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10 Archaeological Finds That Alter History

Radu Alexander


New discoveries are made all the time that change the way we regard events and cultures of our past. Just in the last few years, many archaeological finds provided us with new perspectives on established chapters of history.

10 Bobcat Ceremonial Burial

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While going through the Illinois State Museum’s collection of Native American artifacts, anthropologist Angela Perri found a box labeled “puppy” which she expected to be filled with dog bones excavated from a burial mound of the Hopewell culture. Instead, the bones belonged to a bobcat.

The discovery was notable for two reasons: It was the only decorated wildcat burial found in North America and the only animal ever found buried alone in its own mound.

Since the bobcat was only a kitten when it died, anthropologists suspect that it was raised as a pet. Inside the mound, they also found a necklace which Perri believed served as the cat’s collar.

However, zooarchaeologist Melinda Zeder has a different hypothesis. She believes that the bobcat held a much higher symbolic status for the native culture, possibly as a connection to nature.


9 Roman Terror Weapons

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Photo credit: Peter van der Sluijs

A recent discovery suggests that the Romans employed psychological warfare using whistling slingshot bullets. They used a staff sling called a fustibalus which could throw lemon-sized rocks over a long distance. But certain bullets found at one site in Scotland have a peculiar characteristic—they are drilled through their center.

The stone bullets were found at Burnswark Hill, the site of a massive fight between Romans and Scots about 1,800 years ago. Drilling the holes would have been a time-consuming endeavor, especially for something used only once.

Archaeologist John Reid was puzzled by the stones’ purpose. But Reid’s brother, a keen fisherman, deduced the purpose of the bullets based on his experience of using holed-out lures. When thrown, the bullets caused a sharp whistling noise. Only small stones were drilled, so multiple bullets could be thrown at once, creating a stereo effect for added terror.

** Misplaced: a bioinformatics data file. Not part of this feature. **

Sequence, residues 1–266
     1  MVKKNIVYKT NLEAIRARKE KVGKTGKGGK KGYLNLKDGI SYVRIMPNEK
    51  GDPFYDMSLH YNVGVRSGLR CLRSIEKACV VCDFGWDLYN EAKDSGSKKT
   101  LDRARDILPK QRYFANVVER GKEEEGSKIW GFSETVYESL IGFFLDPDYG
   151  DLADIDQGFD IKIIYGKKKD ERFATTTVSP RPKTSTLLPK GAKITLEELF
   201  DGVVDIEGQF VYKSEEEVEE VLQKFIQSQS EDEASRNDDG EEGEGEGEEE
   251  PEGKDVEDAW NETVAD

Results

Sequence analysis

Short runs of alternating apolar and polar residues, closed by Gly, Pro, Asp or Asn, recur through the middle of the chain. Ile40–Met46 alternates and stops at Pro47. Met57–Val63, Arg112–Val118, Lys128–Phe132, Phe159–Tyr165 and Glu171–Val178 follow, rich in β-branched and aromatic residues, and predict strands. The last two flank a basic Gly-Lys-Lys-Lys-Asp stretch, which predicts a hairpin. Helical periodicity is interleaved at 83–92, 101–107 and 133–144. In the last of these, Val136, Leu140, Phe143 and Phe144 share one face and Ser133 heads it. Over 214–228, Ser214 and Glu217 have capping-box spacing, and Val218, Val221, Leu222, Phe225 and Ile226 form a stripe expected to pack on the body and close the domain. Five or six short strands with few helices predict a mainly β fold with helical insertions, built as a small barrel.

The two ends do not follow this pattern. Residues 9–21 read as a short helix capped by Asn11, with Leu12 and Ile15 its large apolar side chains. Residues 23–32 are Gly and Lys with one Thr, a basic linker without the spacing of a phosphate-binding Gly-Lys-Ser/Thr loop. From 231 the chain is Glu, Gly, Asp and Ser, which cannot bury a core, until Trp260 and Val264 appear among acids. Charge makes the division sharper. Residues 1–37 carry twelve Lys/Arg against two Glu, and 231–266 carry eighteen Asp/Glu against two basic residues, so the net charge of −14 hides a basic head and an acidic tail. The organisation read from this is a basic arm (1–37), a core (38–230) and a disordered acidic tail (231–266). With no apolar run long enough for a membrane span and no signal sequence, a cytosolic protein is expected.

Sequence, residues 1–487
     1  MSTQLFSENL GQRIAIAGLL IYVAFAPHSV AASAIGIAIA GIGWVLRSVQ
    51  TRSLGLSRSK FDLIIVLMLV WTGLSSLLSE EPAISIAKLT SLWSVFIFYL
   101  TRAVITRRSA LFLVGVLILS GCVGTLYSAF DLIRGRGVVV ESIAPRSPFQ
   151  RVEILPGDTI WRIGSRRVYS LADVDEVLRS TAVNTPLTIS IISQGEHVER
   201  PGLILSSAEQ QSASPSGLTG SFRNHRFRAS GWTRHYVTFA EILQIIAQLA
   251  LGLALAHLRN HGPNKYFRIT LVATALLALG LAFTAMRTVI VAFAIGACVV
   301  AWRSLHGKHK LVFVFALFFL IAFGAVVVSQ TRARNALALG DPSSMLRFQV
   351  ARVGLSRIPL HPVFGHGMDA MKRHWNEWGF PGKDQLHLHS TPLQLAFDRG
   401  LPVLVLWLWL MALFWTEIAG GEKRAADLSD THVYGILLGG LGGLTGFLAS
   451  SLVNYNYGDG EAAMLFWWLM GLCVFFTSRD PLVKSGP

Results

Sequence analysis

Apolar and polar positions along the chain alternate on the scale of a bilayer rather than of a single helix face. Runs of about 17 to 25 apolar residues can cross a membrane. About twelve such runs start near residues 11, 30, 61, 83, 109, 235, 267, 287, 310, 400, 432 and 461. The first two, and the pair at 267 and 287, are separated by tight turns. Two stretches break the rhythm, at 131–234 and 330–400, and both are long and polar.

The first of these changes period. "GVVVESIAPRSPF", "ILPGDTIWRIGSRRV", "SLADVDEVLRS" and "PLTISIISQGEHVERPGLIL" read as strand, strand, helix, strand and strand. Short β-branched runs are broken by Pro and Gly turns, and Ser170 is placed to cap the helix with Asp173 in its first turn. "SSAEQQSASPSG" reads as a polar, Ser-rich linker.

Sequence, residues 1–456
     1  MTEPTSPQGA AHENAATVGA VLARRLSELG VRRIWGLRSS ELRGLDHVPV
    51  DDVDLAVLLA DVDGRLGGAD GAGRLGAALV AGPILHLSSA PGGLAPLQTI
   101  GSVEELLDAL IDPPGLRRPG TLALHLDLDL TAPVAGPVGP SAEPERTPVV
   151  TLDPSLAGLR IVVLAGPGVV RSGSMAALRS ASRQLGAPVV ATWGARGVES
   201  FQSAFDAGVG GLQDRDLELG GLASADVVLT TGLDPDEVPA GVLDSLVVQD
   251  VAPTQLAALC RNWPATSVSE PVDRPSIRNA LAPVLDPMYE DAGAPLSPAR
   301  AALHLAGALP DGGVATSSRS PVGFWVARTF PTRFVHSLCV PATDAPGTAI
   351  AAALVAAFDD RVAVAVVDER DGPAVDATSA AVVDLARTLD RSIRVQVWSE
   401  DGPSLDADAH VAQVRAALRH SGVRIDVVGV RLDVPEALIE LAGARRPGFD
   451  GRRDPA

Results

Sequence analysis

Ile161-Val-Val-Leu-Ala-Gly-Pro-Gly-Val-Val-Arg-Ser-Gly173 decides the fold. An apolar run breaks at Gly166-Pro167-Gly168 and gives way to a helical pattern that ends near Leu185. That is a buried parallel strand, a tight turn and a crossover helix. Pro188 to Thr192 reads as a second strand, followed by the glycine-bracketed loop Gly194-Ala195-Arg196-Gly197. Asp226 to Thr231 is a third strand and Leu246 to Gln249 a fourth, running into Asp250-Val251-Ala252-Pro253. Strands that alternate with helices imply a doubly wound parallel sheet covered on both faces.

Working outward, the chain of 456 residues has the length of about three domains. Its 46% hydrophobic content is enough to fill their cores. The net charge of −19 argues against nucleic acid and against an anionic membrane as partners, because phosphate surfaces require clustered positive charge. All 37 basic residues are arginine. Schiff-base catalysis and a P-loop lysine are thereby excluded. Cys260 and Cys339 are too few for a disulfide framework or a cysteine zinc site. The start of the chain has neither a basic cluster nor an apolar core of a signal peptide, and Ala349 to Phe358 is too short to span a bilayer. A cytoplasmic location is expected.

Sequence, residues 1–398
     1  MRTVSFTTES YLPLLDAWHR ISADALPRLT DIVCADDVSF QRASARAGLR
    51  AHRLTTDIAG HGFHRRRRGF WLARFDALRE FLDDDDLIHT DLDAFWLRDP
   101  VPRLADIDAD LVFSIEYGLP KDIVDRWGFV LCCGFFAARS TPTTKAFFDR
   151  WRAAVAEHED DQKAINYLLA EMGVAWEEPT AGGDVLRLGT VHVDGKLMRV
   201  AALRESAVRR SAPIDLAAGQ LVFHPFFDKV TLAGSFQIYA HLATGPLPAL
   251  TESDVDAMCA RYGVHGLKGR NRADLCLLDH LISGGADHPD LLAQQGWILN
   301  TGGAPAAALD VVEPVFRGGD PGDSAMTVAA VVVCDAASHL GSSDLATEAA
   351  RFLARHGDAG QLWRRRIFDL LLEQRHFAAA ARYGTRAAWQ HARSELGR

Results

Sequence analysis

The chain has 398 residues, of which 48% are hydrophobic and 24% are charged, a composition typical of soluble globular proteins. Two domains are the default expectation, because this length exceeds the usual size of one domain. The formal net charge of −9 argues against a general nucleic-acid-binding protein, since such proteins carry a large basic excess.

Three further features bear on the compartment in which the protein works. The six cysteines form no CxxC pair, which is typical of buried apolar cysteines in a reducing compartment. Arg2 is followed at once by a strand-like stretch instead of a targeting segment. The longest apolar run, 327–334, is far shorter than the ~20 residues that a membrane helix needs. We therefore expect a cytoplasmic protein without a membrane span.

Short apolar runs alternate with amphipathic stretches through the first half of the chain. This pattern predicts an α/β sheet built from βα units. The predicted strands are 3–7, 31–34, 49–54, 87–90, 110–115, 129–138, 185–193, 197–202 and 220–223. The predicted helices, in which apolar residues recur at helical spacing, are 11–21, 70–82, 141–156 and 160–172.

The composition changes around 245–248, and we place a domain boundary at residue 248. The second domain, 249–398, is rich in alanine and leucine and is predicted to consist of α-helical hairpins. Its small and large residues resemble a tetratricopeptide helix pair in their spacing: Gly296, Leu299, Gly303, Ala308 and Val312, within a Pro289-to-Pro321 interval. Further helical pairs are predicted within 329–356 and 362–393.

8 Celtic Hybrid Boneyard

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Photo credit: Bournemouth University via history.com

Until recently, we didn’t think that Iron Age Celtic mythology contained hybrid monsters. Now, one gravesite in Dorset suggests that the Celts had their own mythological creatures which they recreated in real life.

The discovery was made at Duropolis. The “cemetery” consists of pits with animal skeletons rearranged to form hybrid beasts. These include a cow with horse legs and a sheep with a bull’s head on its rear end.

The most bizarre discovery involved the skeleton of a woman found on top of a layer of animal bones which mirrored the arrangement of the human bones. Her head was resting on a “bed” of animal skulls, her legs were on top of animal leg bones, etc.

Archaeologist Paul Cheetham believes that the skeletons (including the woman) represent sacrifices. The pits were initially used as food storage. When a new pit was dug, a sacrifice was placed in the old one before being buried.



7 Oldest Dress In The World

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Photo credit: ecouterre

The Tarkhan Dress is now the oldest woven garment in the world. Recovered from an Egyptian tomb, it is dated between 3400 BC and 3100 BC. Most recovered ancient clothing is no older than 2,000 years because neither animal skins nor plant fibers survive degradation well.

The dress has a V-neck, narrow pleats, and tailored sleeves. Creases formed at the elbows and armpits indicate that it was worn repeatedly.

There are a few clothing items of similar age, but those are ceremonial garments wrapped or draped over a body. The Tarkhan Dress remains a unique ancient Egyptian fashion statement as it was tailor-made by a specialized craftsman and worn by somebody of great wealth.

6 Philadelphia’s History Down The Toilet

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Photo credit: Museum of the American Revolution via The Washington Post

In 2017, Philadelphia will open the Museum of the American Revolution. When excavation for the museum started in 2014, workers uncovered a system of privies that served households and businesses in the 18th century. The pits were literally clogged with historical items, and so far, archaeologists have recovered over 82,000 artifacts.

At that time, privies also served as garbage dumps for household waste. While these items might not have immense value, some historians prefer them over jewelry or art for the unique look they provide of common people of that time.

One especially fascinating pit belonged to Benjamin and Mary Humphreys and was dug around the start of the American Revolution. Although their house was registered as a private residence, archaeologists found tobacco pipes, broken punch bowls, and empty liquor bottles there.